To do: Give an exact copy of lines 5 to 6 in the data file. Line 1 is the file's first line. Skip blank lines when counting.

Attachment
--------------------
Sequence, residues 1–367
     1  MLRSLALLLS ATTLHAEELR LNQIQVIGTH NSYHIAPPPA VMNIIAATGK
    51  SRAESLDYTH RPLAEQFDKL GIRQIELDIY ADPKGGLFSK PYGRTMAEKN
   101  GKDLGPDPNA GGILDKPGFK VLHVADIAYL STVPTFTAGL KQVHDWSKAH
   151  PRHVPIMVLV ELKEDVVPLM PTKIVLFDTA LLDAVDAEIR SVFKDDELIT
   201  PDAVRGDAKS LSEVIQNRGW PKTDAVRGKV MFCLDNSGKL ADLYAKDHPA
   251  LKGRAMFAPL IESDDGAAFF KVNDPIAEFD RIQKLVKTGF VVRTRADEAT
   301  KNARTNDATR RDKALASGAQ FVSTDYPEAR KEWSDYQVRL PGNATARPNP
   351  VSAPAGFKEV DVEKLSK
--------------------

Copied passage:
   151  PRHVPIMVLV ELKEDVVPLM PTKIVLFDTA LLDAVDAEIR SVFKDDELIT
   201  PDAVRGDAKS LSEVIQNRGW PKTDAVRGKV MFCLDNSGKL ADLYAKDHPA